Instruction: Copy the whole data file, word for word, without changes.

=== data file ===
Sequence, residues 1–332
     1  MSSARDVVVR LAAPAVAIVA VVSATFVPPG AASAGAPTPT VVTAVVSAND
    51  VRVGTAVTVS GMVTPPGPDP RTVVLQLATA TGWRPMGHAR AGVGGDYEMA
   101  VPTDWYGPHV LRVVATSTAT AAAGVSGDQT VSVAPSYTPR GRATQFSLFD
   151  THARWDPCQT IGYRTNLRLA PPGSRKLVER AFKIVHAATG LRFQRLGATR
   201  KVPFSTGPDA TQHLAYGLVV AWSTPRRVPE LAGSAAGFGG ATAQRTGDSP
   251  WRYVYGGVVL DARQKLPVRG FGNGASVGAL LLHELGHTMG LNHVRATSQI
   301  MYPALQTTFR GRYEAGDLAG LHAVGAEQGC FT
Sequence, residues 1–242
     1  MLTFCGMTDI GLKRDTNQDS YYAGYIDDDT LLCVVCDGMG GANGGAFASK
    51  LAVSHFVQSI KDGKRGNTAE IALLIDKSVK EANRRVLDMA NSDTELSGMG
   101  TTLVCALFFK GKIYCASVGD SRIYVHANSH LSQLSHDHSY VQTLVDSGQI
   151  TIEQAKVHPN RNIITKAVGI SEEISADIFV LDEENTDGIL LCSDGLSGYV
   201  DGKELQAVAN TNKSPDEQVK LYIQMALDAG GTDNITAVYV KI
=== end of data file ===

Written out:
Sequence, residues 1–332
     1  MSSARDVVVR LAAPAVAIVA VVSATFVPPG AASAGAPTPT VVTAVVSAND
    51  VRVGTAVTVS GMVTPPGPDP RTVVLQLATA TGWRPMGHAR AGVGGDYEMA
   101  VPTDWYGPHV LRVVATSTAT AAAGVSGDQT VSVAPSYTPR GRATQFSLFD
   151  THARWDPCQT IGYRTNLRLA PPGSRKLVER AFKIVHAATG LRFQRLGATR
   201  KVPFSTGPDA TQHLAYGLVV AWSTPRRVPE LAGSAAGFGG ATAQRTGDSP
   251  WRYVYGGVVL DARQKLPVRG FGNGASVGAL LLHELGHTMG LNHVRATSQI
   301  MYPALQTTFR GRYEAGDLAG LHAVGAEQGC FT
Sequence, residues 1–242
     1  MLTFCGMTDI GLKRDTNQDS YYAGYIDDDT LLCVVCDGMG GANGGAFASK
    51  LAVSHFVQSI KDGKRGNTAE IALLIDKSVK EANRRVLDMA NSDTELSGMG
   101  TTLVCALFFK GKIYCASVGD SRIYVHANSH LSQLSHDHSY VQTLVDSGQI
   151  TIEQAKVHPN RNIITKAVGI SEEISADIFV LDEENTDGIL LCSDGLSGYV
   201  DGKELQAVAN TNKSPDEQVK LYIQMALDAG GTDNITAVYV KI